North Atlantic right whales are facing a breeding and survival crisis, due in large part to entanglements in fishing gear. Humpback whales are dying in unprecedented numbers off the Northeastern U.S., some are also casualties of entanglements while others have fatally collided with ships, and the causes of death of others are unknown. Vaquitas face an almost certain extinction thanks to the use of gillnets used for fishing, which indiscriminately trap and kill these small porpoises.
North Atlantic right whales. Photo: Lauren Packard / Flickr
When President Trump had the opportunity this year to make a difference in the lives of these imperiled marine mammals, he didn’t. He wanted to cut funding in the Federal 2018 Budget for the Marine Mammal Commission, an independent government agency established by the Marine Mammal Protection Act 46 years ago, which is responsible for advising U.S. policy decisions affecting marine mammals and establishing a conservation ethic through sound science. Over the years, the Commission has helped prevent the deaths of millions of marine mammals from human activities such as oil drilling, mining, transportation, seismic blasting and fishing bycatch. Since the Marine Mammal Act has been in existence, no marine mammals have gone extinct in U.S. waters.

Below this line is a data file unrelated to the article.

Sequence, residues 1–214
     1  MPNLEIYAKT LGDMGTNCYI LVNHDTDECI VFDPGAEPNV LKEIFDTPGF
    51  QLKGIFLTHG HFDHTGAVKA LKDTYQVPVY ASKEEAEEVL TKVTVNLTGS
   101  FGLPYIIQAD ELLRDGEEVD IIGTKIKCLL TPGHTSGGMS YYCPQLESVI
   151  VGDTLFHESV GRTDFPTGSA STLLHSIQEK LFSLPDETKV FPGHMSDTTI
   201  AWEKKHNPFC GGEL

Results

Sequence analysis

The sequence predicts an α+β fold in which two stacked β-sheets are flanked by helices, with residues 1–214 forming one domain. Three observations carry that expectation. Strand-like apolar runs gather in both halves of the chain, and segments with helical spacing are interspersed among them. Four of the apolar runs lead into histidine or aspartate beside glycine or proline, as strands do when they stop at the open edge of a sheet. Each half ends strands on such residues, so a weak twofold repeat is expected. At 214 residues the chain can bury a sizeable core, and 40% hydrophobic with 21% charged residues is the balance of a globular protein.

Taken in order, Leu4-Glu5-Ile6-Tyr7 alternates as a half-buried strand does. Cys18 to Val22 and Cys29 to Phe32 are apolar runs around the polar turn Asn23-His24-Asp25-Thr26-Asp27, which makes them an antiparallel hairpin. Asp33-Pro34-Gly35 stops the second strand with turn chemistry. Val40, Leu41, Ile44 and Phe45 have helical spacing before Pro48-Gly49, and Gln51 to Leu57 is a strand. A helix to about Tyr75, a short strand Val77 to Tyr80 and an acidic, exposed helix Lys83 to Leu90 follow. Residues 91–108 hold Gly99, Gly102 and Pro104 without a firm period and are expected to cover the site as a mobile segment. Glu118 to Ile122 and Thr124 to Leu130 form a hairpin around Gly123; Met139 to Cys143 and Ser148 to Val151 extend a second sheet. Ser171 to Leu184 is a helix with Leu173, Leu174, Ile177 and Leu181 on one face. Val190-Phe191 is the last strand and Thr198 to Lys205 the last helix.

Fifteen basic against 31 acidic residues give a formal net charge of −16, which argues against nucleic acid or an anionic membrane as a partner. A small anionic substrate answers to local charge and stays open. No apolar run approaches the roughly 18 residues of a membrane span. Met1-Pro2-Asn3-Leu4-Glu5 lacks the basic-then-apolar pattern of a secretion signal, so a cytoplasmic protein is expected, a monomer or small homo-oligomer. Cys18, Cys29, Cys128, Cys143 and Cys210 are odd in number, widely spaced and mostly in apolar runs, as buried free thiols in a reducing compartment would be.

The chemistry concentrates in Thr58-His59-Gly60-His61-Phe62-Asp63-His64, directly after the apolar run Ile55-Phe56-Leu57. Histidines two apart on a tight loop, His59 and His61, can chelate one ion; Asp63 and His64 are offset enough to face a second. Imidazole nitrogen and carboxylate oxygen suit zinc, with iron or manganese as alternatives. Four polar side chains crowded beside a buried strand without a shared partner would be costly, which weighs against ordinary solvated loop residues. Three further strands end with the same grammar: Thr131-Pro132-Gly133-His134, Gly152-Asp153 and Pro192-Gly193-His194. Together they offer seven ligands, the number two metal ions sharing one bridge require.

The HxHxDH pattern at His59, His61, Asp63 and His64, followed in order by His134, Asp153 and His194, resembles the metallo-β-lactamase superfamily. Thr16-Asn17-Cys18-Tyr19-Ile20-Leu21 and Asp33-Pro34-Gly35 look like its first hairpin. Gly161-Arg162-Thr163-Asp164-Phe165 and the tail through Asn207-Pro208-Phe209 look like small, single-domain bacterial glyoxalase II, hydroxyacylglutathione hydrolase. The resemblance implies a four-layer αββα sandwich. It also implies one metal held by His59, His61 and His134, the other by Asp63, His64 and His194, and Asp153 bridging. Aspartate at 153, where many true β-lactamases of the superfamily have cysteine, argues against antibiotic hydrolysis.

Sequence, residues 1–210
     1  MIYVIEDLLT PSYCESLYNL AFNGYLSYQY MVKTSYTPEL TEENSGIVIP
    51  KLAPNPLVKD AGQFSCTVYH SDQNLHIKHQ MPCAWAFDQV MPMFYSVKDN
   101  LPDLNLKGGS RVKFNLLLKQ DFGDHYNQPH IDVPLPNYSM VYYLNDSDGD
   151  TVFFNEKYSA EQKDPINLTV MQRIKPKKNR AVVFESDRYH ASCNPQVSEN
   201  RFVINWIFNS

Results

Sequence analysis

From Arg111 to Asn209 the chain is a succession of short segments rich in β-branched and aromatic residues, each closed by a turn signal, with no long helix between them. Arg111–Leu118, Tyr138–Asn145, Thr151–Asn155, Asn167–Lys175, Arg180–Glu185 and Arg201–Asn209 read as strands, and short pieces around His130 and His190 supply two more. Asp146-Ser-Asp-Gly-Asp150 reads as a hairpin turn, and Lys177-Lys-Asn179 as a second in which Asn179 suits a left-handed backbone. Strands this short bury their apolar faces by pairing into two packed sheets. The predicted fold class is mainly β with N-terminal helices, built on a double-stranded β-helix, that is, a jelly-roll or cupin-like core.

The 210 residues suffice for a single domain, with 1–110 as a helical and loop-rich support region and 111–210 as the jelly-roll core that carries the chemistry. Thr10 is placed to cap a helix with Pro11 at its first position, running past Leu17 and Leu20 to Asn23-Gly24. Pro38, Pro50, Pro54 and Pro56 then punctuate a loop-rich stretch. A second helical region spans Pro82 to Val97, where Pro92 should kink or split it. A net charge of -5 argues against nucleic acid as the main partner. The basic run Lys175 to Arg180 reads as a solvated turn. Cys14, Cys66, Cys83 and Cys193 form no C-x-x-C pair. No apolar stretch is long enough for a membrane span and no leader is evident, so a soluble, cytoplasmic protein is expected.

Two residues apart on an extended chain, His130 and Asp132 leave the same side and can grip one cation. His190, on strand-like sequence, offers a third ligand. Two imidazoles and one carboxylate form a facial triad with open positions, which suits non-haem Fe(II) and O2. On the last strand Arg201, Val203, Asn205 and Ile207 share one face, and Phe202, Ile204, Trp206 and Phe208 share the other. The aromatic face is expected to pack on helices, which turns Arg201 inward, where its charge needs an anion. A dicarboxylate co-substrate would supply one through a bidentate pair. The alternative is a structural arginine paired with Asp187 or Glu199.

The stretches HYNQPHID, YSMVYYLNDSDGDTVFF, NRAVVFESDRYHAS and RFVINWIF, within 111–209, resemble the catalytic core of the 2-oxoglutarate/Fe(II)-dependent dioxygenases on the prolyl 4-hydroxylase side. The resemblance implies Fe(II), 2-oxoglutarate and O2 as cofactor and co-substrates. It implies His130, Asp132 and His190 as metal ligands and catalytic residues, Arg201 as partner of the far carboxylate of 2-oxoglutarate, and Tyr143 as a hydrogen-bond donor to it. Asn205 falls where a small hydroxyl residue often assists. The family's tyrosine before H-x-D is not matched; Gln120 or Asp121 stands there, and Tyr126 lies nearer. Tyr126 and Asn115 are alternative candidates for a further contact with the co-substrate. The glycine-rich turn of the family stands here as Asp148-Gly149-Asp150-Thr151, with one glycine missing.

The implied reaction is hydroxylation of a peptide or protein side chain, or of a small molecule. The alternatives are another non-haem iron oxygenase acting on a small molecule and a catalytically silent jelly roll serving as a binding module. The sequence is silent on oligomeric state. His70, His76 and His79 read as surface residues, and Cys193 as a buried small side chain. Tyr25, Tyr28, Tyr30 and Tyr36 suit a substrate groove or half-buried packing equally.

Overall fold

While the activities the Marine Mammal Commission performs are critically important to protecting millions of animals, they are not expensive to carry out. In fact, its 2017 budget of $3.4 million cost American taxpayers just one cent that year. But Trump thinks Americans’ pennies could be better spent elsewhere, on the U.S. military or building his wall between the U.S. and Mexico.